Kogawa, who went in to the bout ranked by all 4 major sanctioning bodies, was expected to retain though Muranaka came out with his intentions set on the upset. The fast start of the challenger seemed to take the champion by surprise and the round was one clearly won by Muranaka. From the on it was a great back and forth as Kogawa tried to establish distance with his movement and jab whilst Muranaka tried to force the issue and was rushing the champion who struggled to respond.
Unfortunately for Kogawa it was the work of Muranaka's that seemed to be the more eye catching over-all. It was less technical but certainly the more aggressive and more memorable. As a result it was no big surprise when the judges ruled that Muranaka was the new champion, taking the title with a split decision victory courtesy of scores which read 95-94, 96-95 in favour of Muranakan and 94-95 in favour of Kogawa.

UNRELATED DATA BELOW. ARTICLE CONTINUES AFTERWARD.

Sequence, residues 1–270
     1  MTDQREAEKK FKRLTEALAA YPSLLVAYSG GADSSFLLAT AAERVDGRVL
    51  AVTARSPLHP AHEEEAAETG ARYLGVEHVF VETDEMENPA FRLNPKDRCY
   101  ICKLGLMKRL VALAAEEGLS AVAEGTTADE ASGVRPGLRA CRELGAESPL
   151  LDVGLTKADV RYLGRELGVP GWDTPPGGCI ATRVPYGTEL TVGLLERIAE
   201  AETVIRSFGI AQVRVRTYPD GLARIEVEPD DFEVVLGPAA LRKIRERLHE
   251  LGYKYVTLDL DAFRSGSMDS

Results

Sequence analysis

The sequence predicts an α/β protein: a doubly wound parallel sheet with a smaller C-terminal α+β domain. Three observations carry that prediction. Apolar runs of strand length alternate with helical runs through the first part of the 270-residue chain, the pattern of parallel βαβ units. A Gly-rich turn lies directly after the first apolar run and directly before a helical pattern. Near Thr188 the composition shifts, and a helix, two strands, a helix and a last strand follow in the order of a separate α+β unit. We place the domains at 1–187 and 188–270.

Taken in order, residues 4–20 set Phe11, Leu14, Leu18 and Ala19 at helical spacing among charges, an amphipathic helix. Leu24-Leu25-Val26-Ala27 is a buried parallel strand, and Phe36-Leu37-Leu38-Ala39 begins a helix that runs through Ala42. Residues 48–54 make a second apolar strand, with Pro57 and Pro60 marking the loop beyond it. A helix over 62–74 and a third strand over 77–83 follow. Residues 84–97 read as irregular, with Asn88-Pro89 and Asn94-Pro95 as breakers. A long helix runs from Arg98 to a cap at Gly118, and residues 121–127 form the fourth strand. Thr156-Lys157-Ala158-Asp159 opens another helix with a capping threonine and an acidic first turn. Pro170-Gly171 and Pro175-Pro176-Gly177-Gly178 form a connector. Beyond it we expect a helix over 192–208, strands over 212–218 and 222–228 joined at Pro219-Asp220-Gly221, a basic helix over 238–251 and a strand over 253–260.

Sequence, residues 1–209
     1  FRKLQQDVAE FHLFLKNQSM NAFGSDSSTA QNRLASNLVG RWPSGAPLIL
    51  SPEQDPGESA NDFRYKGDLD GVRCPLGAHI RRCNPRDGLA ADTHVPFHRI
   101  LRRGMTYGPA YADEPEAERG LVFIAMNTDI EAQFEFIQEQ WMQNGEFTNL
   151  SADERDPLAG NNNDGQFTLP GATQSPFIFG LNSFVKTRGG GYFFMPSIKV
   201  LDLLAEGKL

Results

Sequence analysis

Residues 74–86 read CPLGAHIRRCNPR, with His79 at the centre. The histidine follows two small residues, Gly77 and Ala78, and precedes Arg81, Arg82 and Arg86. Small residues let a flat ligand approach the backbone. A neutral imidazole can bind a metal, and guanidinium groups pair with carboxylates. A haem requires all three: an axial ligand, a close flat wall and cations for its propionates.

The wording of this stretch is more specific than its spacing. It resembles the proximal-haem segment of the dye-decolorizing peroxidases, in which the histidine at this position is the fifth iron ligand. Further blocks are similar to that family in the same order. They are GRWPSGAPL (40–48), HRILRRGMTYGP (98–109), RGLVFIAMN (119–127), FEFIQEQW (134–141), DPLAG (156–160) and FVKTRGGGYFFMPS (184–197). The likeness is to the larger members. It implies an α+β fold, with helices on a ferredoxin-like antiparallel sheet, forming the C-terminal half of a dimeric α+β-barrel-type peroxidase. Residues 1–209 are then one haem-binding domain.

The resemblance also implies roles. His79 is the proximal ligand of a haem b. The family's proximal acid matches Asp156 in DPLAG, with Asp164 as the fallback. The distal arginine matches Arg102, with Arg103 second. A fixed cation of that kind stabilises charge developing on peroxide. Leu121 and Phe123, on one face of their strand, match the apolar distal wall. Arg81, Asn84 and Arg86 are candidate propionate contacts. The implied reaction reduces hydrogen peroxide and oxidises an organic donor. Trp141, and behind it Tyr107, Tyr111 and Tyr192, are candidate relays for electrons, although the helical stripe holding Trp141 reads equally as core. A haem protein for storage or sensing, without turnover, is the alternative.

We'd now expect to see Muranaka climbing up into the top 15 of the WBC, IBF and WBO. Prior to this bout he was already ranked #8 with the WBA who will likely push him further up the top 10.
Although a rematch would make sense given the close nature of the bout we can't help but feel that the 28 year old Muranaka will be eying up a potential world title fight.
For Kogawa, who was attempting to defend his title for the 4th time, this is a big set back. Not one that he can't over-come but it will take a while before we talk about him getting his second world title fight, following a 2011 loss to Pongsaklek Wonjongkam.